I looked like a deer in headlights, and new exactly what he was getting at, was I about to give a client what they were expecting? I ran back to my desk, reviewed the RFQ, and there was no stipulation of cross or correct grain. Then I reviewed my bid, and found out that I had indeed bid the publication cross grain. So I picked up the phone, called the client, and asked them if they had a preference of cross grain or correct grain. I knew that same look on my face earlier when that question was posed to me was now on their face ” Noah, this is the first time we are doing this publication, and the first time we are using this trim size, can you explain to me what the difference is?” How could I blame them for not knowing when I didnt even know? I went on to tell them the differences, the difference in cost, quality, and so on. Ā Like many publishers in today’s market, they told me they wanted the best quality product for the least amount of cost.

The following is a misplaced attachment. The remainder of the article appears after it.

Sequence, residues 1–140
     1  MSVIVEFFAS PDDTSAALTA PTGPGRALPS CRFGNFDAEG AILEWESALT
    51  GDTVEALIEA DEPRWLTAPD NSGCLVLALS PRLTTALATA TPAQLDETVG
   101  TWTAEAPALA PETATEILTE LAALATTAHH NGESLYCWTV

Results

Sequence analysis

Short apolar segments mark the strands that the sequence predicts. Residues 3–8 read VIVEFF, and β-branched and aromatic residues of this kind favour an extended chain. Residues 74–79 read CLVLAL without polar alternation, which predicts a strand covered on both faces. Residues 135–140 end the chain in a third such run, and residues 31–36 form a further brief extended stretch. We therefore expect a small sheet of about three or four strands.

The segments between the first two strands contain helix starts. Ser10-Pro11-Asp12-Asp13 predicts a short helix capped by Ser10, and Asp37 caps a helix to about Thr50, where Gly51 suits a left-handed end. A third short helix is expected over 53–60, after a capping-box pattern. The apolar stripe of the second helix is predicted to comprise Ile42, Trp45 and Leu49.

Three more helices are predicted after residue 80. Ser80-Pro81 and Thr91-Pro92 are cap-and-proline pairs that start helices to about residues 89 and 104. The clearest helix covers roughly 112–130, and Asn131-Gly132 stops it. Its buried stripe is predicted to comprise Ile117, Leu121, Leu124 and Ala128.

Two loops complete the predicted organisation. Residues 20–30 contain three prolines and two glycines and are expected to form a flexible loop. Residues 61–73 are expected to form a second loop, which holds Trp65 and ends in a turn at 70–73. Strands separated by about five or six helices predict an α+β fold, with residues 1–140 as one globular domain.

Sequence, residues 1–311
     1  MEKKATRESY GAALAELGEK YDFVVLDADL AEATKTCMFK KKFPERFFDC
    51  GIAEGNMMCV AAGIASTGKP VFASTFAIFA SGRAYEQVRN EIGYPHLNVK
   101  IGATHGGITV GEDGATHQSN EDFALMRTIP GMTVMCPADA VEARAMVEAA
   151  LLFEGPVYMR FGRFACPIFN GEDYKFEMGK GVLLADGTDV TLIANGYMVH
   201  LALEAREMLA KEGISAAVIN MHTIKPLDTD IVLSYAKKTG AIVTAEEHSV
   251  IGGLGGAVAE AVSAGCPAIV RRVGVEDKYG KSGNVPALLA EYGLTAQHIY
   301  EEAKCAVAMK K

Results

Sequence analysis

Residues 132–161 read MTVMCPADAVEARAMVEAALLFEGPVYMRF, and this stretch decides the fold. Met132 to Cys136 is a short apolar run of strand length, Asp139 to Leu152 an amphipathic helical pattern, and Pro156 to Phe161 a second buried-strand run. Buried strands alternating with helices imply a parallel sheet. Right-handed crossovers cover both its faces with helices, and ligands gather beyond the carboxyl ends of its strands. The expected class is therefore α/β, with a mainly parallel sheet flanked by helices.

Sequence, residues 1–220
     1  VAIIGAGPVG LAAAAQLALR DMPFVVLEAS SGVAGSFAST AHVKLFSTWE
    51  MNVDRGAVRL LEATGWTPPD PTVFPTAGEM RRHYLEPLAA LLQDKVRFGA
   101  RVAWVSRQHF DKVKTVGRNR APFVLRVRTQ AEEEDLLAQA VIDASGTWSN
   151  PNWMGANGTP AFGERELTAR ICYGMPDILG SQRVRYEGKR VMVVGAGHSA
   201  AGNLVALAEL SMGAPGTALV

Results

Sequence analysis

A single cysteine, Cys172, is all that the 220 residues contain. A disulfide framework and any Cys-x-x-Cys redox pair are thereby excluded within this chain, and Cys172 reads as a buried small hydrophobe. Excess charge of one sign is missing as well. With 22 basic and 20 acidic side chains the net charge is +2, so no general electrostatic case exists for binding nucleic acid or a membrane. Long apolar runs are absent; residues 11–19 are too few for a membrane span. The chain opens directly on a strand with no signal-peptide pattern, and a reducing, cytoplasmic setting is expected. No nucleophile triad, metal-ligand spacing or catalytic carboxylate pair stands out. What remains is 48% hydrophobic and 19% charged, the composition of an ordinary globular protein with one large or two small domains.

With that, I explained to my boss what they had told me, and we agreed to honor the price for the cross grain, but produce it correct grain. In the end it was all worth it, the client absolutely loved the product, and this is all that truly mattered to us.

So, if you are going out to bid, make sure you are asking for exactly what you have in mind. The last thing any printer wants to do is to give you anything other than what you want. Should you not care about a little “puckering” towards the spine in order to get the best price possible then note it. Should you want the best product possible and are willing to pay more in costs, then you may want to note in your bid to quote correct grain. It all comes down to what fits the equipment which effects the pricing, a good printer should be able to show you all options.